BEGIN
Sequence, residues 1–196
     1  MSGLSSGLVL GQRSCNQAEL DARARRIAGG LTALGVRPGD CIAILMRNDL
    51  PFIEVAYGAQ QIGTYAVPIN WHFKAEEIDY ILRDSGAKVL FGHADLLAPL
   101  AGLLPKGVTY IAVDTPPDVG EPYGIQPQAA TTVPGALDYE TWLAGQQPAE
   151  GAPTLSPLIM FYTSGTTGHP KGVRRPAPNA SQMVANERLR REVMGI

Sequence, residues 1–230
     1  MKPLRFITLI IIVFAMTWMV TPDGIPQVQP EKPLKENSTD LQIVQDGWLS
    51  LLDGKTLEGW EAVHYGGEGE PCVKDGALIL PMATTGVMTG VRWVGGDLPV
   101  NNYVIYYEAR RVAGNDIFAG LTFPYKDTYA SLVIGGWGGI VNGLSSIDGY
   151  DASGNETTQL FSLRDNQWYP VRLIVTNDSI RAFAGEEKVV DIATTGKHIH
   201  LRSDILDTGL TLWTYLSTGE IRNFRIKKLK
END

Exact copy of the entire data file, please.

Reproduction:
Sequence, residues 1–196
     1  MSGLSSGLVL GQRSCNQAEL DARARRIAGG LTALGVRPGD CIAILMRNDL
    51  PFIEVAYGAQ QIGTYAVPIN WHFKAEEIDY ILRDSGAKVL FGHADLLAPL
   101  AGLLPKGVTY IAVDTPPDVG EPYGIQPQAA TTVPGALDYE TWLAGQQPAE
   151  GAPTLSPLIM FYTSGTTGHP KGVRRPAPNA SQMVANERLR REVMGI

Sequence, residues 1–230
     1  MKPLRFITLI IIVFAMTWMV TPDGIPQVQP EKPLKENSTD LQIVQDGWLS
    51  LLDGKTLEGW EAVHYGGEGE PCVKDGALIL PMATTGVMTG VRWVGGDLPV
   101  NNYVIYYEAR RVAGNDIFAG LTFPYKDTYA SLVIGGWGGI VNGLSSIDGY
   151  DASGNETTQL FSLRDNQWYP VRLIVTNDSI RAFAGEEKVV DIATTGKHIH
   201  LRSDILDTGL TLWTYLSTGE IRNFRIKKLK